sun peaking behind mountain with meadow in front on Lake Louise snowshoe trail

This meadow is a good spot to stop for a hot chocolate break. If you’re lucky, you’ll get to see some of the Lake Louise dog sleds rushing past on the Great Divide trail, which is immediately adjacent to the meadow.

After leaving the meadow, take care to avoid stepping on the xc-ski tracks on the Great Divide cross country ski trail (one of Banff’s easy cross country ski trails). You’ll re-enter the forest onto a slightly uphill, winding trail. 400 m later, you’ll cross the Telemark cross-country ski trail.

Before long, you’ll arrive at the most northern spot on the Blue Square 27 Lake Louise snowshoe trail. There’s another huge open meadow here, but this time you can see all the way across the Bow Valley to Whitehorn Mountain (2,637 m) and the front face of the Lake Louise Ski Resort.

view of Lake Louise Ski Resort from snowshoe trail

The trail takes a hard right turn after the meadow to begin a snowshoe through a beautiful, flat & wide track through the snowy evergreen trees. This is another good opportunity to get off the packed trail to snowshoe in the deep snow off the trail.

Once the trees start to narrow, you’ll have reached the point where our snowshoe trail starts to parallel the Great Divide cross-country ski trail. They are far enough apart, that you don’t really notice each other, but if you look carefully you can see the trail and the occasional cross-country skier.

At the 3.8 km mark of this snowshoe trail, you’ll arrive at an open meadow with lots of snow-capped trees. There will likely be several trails through this meadow, but the official trail is to the right, marked by a Blue Square 27 sign.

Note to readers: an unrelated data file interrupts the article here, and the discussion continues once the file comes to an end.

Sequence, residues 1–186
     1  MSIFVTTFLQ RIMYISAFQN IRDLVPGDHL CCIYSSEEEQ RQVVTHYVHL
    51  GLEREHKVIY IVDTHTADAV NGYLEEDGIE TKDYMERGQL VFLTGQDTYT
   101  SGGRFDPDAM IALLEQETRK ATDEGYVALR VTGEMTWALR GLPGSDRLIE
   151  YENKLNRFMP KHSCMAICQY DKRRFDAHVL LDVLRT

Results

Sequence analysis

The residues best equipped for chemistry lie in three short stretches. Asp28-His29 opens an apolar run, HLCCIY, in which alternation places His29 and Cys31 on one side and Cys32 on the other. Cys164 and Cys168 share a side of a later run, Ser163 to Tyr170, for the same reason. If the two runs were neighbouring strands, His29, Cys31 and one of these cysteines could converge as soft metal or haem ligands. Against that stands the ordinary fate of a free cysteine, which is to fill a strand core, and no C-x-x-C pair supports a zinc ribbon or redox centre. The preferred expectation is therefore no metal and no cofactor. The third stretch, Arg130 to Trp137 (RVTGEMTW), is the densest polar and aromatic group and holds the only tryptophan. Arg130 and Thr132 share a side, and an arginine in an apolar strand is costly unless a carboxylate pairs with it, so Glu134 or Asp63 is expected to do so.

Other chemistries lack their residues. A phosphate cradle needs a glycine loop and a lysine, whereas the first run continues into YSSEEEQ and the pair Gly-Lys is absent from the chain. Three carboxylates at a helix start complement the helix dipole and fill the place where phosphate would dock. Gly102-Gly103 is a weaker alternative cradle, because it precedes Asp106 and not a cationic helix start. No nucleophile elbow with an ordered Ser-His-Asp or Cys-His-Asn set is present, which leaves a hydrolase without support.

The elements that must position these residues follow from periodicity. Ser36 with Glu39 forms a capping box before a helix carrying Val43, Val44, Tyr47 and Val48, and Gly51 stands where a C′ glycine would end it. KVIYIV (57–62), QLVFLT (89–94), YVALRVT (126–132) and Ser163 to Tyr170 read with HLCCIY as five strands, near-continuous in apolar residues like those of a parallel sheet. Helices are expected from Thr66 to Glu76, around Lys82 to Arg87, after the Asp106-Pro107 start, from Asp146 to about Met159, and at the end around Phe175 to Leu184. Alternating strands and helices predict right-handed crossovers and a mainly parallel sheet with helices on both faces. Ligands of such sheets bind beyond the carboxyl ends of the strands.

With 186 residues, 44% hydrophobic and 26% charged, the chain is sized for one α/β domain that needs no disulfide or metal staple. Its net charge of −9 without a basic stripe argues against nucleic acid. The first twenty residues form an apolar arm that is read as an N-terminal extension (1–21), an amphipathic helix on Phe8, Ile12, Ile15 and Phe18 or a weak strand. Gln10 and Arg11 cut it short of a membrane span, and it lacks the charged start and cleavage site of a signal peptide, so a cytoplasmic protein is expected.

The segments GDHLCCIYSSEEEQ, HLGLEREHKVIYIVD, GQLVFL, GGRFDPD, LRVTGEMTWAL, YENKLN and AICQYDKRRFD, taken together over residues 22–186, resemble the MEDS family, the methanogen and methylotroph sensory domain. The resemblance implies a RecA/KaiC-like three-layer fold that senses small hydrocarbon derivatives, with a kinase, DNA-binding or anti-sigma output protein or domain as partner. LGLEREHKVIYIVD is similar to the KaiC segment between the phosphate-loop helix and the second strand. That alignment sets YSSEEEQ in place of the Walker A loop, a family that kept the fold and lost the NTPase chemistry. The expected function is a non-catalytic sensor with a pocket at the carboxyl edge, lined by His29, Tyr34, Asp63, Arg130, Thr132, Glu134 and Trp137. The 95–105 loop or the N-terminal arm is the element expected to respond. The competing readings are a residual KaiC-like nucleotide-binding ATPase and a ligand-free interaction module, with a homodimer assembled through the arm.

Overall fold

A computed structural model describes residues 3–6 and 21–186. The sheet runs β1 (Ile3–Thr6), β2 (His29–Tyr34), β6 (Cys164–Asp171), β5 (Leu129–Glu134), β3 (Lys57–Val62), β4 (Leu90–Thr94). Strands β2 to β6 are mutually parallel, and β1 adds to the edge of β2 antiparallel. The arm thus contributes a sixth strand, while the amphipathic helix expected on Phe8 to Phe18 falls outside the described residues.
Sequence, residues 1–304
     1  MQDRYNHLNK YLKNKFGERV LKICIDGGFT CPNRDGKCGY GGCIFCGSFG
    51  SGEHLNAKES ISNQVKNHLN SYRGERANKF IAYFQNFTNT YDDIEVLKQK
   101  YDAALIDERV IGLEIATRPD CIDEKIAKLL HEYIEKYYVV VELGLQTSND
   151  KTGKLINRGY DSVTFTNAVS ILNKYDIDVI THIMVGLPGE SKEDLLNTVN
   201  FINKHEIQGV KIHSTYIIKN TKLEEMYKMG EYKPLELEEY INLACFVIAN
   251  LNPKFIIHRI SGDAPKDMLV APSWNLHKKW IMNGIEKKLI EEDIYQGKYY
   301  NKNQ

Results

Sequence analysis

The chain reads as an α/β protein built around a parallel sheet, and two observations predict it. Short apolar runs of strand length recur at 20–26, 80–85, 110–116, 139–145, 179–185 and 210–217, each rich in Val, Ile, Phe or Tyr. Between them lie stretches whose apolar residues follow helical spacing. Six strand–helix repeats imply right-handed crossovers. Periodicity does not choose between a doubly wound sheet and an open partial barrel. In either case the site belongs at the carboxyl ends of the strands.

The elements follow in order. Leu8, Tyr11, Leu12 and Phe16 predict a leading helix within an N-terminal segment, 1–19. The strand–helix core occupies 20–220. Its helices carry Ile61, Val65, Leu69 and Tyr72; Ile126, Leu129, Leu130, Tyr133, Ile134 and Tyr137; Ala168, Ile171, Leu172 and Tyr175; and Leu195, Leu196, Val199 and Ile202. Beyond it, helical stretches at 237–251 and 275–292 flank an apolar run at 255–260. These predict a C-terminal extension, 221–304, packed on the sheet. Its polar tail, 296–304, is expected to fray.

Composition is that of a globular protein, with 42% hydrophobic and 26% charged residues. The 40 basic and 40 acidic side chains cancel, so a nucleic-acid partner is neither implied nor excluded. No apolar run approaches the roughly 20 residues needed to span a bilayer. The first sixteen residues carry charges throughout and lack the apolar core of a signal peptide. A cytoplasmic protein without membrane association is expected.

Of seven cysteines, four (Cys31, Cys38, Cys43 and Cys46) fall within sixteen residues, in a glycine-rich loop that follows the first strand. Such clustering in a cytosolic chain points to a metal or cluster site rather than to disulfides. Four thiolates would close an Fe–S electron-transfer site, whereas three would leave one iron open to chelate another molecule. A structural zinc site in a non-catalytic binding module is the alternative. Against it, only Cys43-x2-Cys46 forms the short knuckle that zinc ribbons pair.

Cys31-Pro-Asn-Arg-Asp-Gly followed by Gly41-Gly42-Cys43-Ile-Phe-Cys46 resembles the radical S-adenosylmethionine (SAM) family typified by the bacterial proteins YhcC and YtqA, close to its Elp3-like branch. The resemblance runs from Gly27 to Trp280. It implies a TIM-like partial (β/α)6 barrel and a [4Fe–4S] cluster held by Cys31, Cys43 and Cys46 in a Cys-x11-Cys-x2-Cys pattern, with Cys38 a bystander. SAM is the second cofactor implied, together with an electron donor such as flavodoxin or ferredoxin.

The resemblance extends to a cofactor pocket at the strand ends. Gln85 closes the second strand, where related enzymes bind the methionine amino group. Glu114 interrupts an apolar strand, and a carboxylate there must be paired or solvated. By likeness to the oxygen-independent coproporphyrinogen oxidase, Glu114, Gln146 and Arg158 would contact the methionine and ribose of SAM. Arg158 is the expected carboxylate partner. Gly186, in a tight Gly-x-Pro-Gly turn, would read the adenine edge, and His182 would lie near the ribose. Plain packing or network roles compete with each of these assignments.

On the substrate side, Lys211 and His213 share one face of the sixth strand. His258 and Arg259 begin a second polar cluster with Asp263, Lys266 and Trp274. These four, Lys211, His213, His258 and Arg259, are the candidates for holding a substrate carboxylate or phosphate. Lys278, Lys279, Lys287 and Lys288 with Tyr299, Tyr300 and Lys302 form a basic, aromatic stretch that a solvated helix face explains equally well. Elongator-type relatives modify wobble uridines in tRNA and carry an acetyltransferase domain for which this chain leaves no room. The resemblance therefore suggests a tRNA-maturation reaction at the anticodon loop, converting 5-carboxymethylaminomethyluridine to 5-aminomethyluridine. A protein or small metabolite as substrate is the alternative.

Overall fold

snow covered trees - snowshoeing in Lake Louise

After the meadow of small trees, the snowshoe trail immediately crosses the Great Divide ski trail a final time. After all the highly-enjoyable winding downhill trail to this point, it’s time to pay the piper as you start climbing back uphill towards the Chateau Lake Louise.

At the 4.6 km mark, you’ll cross the Upper Telemark cross-country ski trail, before entering another open meadow, adjacent to some Lake Louise housing. There’s another great view of Mt. St. Piran through the trees ahead, but if you turn and look left, you’ll get the best view of Fairview Mountain, Saddle Mountain and Mt. Temple that you’ll see on the entire snowshoe trail.

Mountain views on easy snowshoe trail - Lake Louise

At the end of this leg, you’ll get your first glimpse of the Chateau Lake Louise through the trees, with a waving Canadian flag on top. Very shortly, you’ll reach the Telemark Trail (identified by a Blue Square 5 sign). Although most of the Telemark trail is a dedicated xc-ski trail, the section of trail back towards Lake Louise is a mixed use trail. Note the sign, which asks non-cross-country skiers to stay off to the side.

As you finish up on the Telemark trail, take one last glimpse of the incredible snow-capped Lake Louise mountains all around you.